W{uss} I{n} M{ummy’s} P{ocket} [primarily]

68 comments on “Times Cryptic 28124”

  1. Surprised by equivalence of laptop with iPad, say. Surely the keyboard makes the difference.

    Having just read the most engaging early-year autobiography of Stendhal (a big fan of Napoleon) helped with CONSUL.

    Thanks to Jack for the parsing of TELLING. I was wondering whether perhaps Colin Welling wasn’t a pianist, when in fact he’s not even the actor/screenwriter I thought he was. Note to self: WellAND.

  2. No real problems. DNK STOMACHER but thought it likely.

    Thanks, Jack, for the blog and along with Ulaca for the parsing of TELLING.

    I took 25d to be &lit to avoid “wuss” doing double duty.

  3. 29 minutes. I also thought there might be a pianist called Welling, but ELLINGTON{ton} is clearly who was intended. PLACENTA and then GRAVID suggested we may be heading down an obstetric path but this didn’t go anywhere. WIMP was my favourite and like starstruck_au, I parsed it as an &lit (which probably means it isn’t).

    Otherwise no problems. I look forward to an exposition on “The Importance Of The STOMACHER In The Works Of Georgette Heyer” from a certain contributor.

    Thanks to Jack and setter

    1. To be fair, there are two disciples: one upon the distaff, the other upon the spear side.
    2. I suspect stomachers predate the Georgian era Ms Heyer wrote about; certainly I only remember the word from its two previous appearances here ..
    3. A think STOMACHERs fall a bit outside Georgette Heyer’s preferred period. She did write one book set in the 16th century but I didn’t enjoy it and can’t remember the sartorial details. Ann
  4. Really enjoyed that, despite my ignorance – I’m another who used Welling, the famous pianist seen occasionally in the Times crossword. As is stomacher, though forgotten since the last 2 times: 27009 in 2018, and 25887 in 2014. Using google externally rather than the LJ search finds them easily enough. NHO casques, essayed it, the U and S gave usury and schedule so assumed it was correct. Didn’t know Titian was Venetian, but no problems there either.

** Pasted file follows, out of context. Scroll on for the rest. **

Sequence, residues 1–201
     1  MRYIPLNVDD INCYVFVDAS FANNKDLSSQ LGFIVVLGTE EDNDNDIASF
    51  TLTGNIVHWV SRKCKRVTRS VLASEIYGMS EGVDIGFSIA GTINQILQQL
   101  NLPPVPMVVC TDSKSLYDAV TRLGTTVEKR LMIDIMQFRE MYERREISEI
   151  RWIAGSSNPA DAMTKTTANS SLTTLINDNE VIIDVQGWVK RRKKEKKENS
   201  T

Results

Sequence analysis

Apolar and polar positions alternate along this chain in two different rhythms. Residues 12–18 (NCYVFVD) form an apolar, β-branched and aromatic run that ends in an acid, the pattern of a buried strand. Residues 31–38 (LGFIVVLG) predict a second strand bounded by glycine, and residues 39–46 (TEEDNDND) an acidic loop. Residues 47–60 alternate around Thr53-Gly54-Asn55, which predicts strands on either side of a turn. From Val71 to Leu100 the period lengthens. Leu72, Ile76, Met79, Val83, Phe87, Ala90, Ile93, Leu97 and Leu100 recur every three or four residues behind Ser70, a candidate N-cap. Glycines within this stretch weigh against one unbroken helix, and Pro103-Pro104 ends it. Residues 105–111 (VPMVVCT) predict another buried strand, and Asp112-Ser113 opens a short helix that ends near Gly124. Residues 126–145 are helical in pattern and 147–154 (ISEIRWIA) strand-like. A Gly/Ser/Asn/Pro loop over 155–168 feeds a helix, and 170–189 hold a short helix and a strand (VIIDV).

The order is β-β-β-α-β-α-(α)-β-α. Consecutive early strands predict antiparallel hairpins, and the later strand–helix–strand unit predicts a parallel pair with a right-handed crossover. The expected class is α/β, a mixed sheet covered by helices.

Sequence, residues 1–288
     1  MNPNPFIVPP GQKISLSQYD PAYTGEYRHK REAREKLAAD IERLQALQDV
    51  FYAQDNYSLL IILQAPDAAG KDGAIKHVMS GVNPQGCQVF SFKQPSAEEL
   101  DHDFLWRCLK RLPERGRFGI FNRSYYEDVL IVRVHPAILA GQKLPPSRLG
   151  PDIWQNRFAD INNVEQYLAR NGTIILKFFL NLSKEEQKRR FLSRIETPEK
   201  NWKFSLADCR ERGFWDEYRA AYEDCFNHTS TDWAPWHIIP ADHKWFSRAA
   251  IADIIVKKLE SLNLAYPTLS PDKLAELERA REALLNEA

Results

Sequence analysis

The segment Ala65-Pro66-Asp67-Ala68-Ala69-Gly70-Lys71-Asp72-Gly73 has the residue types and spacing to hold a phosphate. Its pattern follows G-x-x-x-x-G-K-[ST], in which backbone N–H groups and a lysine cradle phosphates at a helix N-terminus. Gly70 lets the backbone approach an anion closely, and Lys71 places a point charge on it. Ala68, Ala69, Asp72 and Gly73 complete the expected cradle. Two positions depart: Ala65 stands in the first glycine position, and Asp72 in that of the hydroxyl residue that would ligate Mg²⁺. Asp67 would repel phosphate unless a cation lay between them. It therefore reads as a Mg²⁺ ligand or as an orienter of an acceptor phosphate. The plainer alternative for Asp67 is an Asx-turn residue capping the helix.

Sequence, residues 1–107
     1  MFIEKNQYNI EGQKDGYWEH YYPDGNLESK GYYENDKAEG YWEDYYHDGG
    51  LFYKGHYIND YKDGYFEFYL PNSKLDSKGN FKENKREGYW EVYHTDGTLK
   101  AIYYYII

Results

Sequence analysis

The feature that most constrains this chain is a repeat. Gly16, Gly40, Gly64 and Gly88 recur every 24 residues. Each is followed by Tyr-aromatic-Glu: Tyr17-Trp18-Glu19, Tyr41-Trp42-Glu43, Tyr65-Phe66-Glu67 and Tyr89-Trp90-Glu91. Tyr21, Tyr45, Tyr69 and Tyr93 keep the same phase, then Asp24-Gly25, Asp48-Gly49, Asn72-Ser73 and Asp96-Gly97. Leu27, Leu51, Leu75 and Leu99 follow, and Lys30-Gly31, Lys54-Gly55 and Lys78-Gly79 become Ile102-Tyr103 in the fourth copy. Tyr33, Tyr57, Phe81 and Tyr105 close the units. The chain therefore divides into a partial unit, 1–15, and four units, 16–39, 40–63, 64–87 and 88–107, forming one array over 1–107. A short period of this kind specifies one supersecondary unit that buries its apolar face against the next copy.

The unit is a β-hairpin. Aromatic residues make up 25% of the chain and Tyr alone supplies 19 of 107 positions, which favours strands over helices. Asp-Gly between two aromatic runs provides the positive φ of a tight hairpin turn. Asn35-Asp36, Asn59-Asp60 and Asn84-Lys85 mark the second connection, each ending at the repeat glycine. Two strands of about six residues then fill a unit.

COD lighten up for the surface, but it had some competition.
  5. Slow start–FOI COHERE–but fairly steady. I biffed T, D, & H and only parsed it after submitting. I learned STOMACHER from Dickens not Heyer: Mrs. Rouncewell, Sir Lester Dedlock’s housekeeper in ‘Bleak House’, wears one. I put in TELLING wondering about Welling the pianist, but finally twigged; calling Ellington a pianist seemed a bit misleading. Liked GRAVID & USURY.
      1. Touché, I suppose. Although NAPOLEON was the solution, while ‘pianist’ etc. was part of the wordplay. And ‘consul’ is a lot more limiting than ‘pianist’. To answer your question, though, more so.
        1. I wasn’t really trying to make any particular point. Just striking to have two very famous people defined by things they aren’t most famous for in the same puzzle. It would actually make quite an interesting theme: Larkin as librarian, Ingres with his violin.
          1. Well, it’s not like calling Hitler a “corporal.” “First Consul” was the title under which Bonaparte held ultimate sway over the nation.

            Wikipedia: “On 7 February 1800, a public referendum confirmed the new constitution. It vested all of the real power in the hands of the First Consul, leaving only a nominal role for the other two consuls. A full 99.9% of voters approved the motion, according to the released results. While this near-unanimity is certainly open to question, Napoleon was genuinely popular among many voters.…

            “The Peace of Amiens (25 March 1802) with the United Kingdom…finally gave the peacemaker a pretext for endowing himself with a Consulate, not for ten years but for life, as a recompense from the nation.…

            “On 2 August 1802 (14 Thermidor, An X), a second national referendum was held, this time to confirm Napoleon as ‘First Consul for Life.’ Once again, a vote claimed 99.7% approval.”

  6. Are we perhaps forgetting Sir Palgrave Twelling, born Beverley 1889, died Filey 1957, who mainly wrote sonatas for pianola. He ran the Scarborough Conservatory throughout the Thirties and beyond. He was best known for his ‘llkley Variations’, first performed at The First Night of the Proms 1938 (Barbirolli). The Palgrave Twelling Pianola Museum at Pontefract is well worth a visit.


    LOI 23ac LAPTOP — absolute shocker!


    WOD 14dn ALMSHOUSE — they always look so nice!

    Time: 37 minutes — should do better!

  7. Enjoyed that a lot – after a fairly sluggish start and middle section, the SE and finally NW corners were completed as a sprint finish.

    Derived a couple of unknowns (SCULLION, STOMACHER) pretty easily from the cryptic – but my downfall came when completing the (NHO) GRAVID. Failing to factor in the king part of King George, I entered the unlikely-looking GEAVID, in my haste to cross the line. I should be disappointed, but the fun factor overwhelmed any irritation …however – *must do better* and avoid sloppy mistakes, when the clues are so eminently solvable.

    Thanks J and setter